This video says about itself:
Bloody massacre in Rawagede, Karawang (now Balongsari), West Java, Indonesia, on December 9, 1947. Dutch soldiers killed hundreds of male civilians when the Netherlands government at that time tried to reoccupy Indonesia again after the Nazis and Japan surrendered and World War II ended. Tragic story that lingered to this day as the massacre was brought into court in the Hague and the widows (only a few of them left) were being assisted by local lawyers and good Samaritans to be compensated for their lost husbands, parents and children.
Translated from NOS TV in the Netherlands:
Indies widows will go to court after all
This title refers to the “Dutch East Indies“, the name the Dutch government used for Indonesia when it was a Dutch colony. However, the war crimes referred to in this news item occurred after the independent Republic of Indonesia had been proclaimed in 1945; and the Dutch government tried to crush that independence with military force.
Update: Friday 27 Dec 2013, 06:56
17 widows of men who were executed by Dutch troops in the late 1940s will go to court to enforce compensation from the Dutch government. According to their lawyer, the government is not fulfilling its promise to work at these cases energetically.
In September, the widows applied for a new scheme, which was based on the compensation for widows in South Sulawesi and of the massacre in Rawagadeh. They receive a compensation of 20,000 euros.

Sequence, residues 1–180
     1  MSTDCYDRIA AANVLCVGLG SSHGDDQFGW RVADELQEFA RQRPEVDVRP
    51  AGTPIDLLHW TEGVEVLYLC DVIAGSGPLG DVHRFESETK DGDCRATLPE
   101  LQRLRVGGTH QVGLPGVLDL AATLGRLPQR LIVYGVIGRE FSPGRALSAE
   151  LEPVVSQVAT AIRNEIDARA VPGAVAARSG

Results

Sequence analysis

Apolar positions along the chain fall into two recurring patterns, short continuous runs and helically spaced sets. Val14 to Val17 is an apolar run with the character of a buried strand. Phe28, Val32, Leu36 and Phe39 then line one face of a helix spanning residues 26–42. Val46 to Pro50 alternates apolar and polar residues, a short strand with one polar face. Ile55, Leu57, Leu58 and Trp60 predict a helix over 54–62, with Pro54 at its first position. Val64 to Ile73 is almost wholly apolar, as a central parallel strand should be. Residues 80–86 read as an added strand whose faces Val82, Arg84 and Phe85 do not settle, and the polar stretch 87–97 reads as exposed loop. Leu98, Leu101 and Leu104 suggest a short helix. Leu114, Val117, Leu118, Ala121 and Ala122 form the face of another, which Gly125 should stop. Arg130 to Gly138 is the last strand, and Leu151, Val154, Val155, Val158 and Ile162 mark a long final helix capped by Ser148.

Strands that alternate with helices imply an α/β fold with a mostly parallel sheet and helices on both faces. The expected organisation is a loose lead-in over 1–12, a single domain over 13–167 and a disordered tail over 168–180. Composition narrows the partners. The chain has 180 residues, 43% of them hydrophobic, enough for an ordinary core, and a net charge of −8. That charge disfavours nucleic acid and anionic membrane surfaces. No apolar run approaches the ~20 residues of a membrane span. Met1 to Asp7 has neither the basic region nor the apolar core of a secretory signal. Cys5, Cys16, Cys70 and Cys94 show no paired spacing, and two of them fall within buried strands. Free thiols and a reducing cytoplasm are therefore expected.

Although the scheme was supposed to accelerate other cases, the case of these 17 very aged women is not advancing at all.
‘Silence is the best solution’. The military versus the media in the Netherlands East Indies 1945-1949. This study surveys the Dutch (military) strategy versus the media, during the conflict with the Republic of Indonesia between 1945 and 1949. The Dutch (military) information services in Batavia had been slow to establish itself, and only a limited number of Dutch reporters and photographers were located in the capital. There was talk of embedded journalism; the majority of Dutch reporters stayed mostly in their comfort zone, never left their hotels in the centre of Batavia, visited receptions and press conferences and received their information via the diplomatic circuit, from briefings and the communiqués issued by the military and government information services. They were frequently hindered in their newsgathering, fact checking and the reporting of both sides, and if they did travel into the relatively unsafe conflict areas on Java and Sumatra they were accompanied by press officers: here.
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